“We have to look also at environmental factors, and from my point of view, the interaction between the genetic factors and the environmental factors ... It looks like some shared environmental factors play a role in autism, and the study really points toward factors that are early in life that affect the development of the child"
Joachim Hallmayer, MD, associate professor of psychiatry at Stanford University in California
WebMD reports on a new study published in the Archives of General Psychiatry which found that autism was surprisingly common in fraternal twins, despite the fact that they don’t share as many of the same genes as identical twins, suggesting that some common environmental factors might be playing as big a role in causing their autism disorders as genetics. Dr. Hallmayer was one of the study researchers who were surprised with the result. Is this an awakening in the autism research professions?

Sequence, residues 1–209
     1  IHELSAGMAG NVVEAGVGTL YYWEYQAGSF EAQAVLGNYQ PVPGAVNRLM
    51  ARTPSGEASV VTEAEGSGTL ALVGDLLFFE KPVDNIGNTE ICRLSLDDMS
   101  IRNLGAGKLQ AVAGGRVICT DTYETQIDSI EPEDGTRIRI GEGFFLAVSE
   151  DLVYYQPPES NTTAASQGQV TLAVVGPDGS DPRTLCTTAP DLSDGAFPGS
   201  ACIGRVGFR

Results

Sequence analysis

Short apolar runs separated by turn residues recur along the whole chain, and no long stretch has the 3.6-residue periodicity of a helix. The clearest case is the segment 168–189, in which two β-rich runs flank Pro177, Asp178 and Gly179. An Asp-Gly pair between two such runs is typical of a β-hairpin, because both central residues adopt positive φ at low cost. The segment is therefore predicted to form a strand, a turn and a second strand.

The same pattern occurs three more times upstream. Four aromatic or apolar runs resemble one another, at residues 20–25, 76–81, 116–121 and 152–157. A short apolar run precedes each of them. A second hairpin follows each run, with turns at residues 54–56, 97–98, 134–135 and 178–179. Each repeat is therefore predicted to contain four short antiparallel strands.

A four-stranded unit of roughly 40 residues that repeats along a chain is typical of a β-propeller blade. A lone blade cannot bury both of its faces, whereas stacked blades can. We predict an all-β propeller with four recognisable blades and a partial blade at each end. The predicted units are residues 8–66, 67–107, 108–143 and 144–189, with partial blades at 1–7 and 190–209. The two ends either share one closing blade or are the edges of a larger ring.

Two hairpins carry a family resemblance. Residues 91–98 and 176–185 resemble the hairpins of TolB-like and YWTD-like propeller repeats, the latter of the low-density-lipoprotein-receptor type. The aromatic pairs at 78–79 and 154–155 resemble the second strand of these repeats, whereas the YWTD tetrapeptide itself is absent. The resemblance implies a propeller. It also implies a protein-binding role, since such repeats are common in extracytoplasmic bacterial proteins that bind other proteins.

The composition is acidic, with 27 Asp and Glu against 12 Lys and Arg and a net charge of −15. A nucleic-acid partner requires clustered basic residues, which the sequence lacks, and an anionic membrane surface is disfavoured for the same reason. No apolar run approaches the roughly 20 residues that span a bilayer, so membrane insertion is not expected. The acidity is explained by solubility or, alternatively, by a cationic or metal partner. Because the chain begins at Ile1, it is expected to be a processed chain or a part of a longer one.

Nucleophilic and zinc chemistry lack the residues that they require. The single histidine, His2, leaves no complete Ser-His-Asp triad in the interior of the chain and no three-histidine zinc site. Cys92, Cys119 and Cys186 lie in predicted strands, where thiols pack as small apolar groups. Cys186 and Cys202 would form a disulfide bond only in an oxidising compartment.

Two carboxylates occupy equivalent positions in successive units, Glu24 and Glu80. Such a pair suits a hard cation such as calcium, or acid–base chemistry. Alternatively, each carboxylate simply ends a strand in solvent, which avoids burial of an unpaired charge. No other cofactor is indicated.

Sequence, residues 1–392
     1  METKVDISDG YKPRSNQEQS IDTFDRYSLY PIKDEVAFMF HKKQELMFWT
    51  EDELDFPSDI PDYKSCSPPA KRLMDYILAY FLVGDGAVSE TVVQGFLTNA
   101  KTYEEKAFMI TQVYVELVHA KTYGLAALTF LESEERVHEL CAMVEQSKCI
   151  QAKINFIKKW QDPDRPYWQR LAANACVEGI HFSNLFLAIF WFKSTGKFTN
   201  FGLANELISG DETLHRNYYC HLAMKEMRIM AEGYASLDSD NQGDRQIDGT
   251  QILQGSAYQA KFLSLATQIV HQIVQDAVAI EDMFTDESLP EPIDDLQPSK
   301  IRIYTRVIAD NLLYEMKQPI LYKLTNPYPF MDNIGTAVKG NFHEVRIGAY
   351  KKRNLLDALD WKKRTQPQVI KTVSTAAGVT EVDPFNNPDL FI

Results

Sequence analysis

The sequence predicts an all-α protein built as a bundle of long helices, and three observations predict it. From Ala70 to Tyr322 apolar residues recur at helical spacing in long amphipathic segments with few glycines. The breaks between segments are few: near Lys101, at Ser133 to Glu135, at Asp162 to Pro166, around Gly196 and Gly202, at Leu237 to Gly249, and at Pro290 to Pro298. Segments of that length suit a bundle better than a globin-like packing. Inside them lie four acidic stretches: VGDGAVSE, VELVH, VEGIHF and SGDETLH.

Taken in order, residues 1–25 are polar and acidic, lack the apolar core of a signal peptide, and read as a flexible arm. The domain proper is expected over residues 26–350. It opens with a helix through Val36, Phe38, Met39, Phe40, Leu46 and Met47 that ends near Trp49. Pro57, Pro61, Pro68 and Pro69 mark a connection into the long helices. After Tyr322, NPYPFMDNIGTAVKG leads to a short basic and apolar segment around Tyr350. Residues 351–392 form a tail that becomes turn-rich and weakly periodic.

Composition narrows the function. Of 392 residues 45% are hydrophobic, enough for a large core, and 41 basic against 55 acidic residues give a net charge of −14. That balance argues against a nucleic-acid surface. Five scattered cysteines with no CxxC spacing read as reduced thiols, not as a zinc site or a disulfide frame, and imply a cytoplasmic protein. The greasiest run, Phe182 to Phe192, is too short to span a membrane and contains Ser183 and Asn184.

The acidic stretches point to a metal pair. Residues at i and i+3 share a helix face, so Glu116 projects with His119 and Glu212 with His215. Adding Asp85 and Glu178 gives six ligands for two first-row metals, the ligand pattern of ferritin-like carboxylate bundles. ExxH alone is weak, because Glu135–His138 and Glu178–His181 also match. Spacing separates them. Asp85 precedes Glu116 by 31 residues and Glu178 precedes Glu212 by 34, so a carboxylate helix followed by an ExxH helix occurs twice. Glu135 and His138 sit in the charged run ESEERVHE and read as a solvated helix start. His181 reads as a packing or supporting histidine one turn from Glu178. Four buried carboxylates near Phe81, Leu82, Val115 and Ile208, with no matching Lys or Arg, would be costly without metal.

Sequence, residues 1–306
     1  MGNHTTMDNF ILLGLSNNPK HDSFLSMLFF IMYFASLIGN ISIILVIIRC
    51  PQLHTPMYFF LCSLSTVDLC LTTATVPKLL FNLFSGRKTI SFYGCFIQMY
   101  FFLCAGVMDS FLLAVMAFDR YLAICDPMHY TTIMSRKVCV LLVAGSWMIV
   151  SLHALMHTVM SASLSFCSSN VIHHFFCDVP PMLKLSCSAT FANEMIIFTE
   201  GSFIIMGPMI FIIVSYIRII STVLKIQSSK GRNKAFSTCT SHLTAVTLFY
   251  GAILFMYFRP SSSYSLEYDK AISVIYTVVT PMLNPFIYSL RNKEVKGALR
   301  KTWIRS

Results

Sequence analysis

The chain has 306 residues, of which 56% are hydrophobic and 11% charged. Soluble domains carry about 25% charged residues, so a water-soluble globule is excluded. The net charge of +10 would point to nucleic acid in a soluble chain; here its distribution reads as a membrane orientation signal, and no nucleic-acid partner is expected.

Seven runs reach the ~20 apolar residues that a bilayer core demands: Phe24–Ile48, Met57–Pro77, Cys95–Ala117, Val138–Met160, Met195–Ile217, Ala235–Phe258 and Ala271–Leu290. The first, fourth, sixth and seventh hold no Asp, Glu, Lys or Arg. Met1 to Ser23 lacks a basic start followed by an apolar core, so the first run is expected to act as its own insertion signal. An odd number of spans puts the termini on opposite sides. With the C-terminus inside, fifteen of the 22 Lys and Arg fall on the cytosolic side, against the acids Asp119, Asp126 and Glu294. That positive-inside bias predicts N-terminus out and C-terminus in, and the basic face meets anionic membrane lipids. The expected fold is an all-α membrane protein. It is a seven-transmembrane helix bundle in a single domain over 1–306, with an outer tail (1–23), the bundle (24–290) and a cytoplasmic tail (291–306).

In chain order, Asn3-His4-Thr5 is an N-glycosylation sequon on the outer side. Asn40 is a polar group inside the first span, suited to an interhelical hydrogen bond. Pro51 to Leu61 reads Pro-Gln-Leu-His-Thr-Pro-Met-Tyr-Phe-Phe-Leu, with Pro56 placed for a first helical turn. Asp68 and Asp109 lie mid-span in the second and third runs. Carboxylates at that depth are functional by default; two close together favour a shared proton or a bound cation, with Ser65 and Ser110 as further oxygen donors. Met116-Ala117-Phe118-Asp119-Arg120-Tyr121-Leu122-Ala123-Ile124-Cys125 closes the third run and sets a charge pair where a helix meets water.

For some it probably is. For others not so much. Even this humble autism father/blogger reported an autism paradigm shift 4 years ago and I have followed it since then blogging on developments in the area of environmental causes of autism. But there are die-hards who will not be convinced, who will not change their minds no matter what. Academic careers and reputations as expert witnesses have been built promoting the view that autism is 100% genetic and that accordingly autism disorders are not actually increasing. Reported increases of autism diagnoses are routinely dismissed as due entirely to diagnostic definition change and increased awareness. Of course manufacturers of products from vaccines to children's toys have a vested interest in encouraging the "it's gotta be genetic" autism causation paradigm described over a decade ago by Teresa Binstock. Many will never admit that autism could ever be caused by the interaction of environmental and genetic factors.